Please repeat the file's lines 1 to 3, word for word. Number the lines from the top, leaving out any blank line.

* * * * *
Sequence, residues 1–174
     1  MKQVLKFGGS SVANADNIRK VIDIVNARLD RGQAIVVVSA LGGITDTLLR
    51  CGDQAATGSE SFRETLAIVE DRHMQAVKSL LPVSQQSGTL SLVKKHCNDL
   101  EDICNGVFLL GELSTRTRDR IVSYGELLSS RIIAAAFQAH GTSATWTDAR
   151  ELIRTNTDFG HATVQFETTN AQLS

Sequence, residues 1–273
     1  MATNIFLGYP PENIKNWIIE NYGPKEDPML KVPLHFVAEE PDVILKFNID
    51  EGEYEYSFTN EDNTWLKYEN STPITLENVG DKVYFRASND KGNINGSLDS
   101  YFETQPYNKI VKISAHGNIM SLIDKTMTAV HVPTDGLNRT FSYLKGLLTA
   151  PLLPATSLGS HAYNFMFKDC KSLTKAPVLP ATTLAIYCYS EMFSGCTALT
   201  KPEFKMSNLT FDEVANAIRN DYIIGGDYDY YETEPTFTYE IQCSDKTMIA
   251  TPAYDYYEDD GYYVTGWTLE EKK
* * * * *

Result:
Sequence, residues 1–174
     1  MKQVLKFGGS SVANADNIRK VIDIVNARLD RGQAIVVVSA LGGITDTLLR
    51  CGDQAATGSE SFRETLAIVE DRHMQAVKSL LPVSQQSGTL SLVKKHCNDL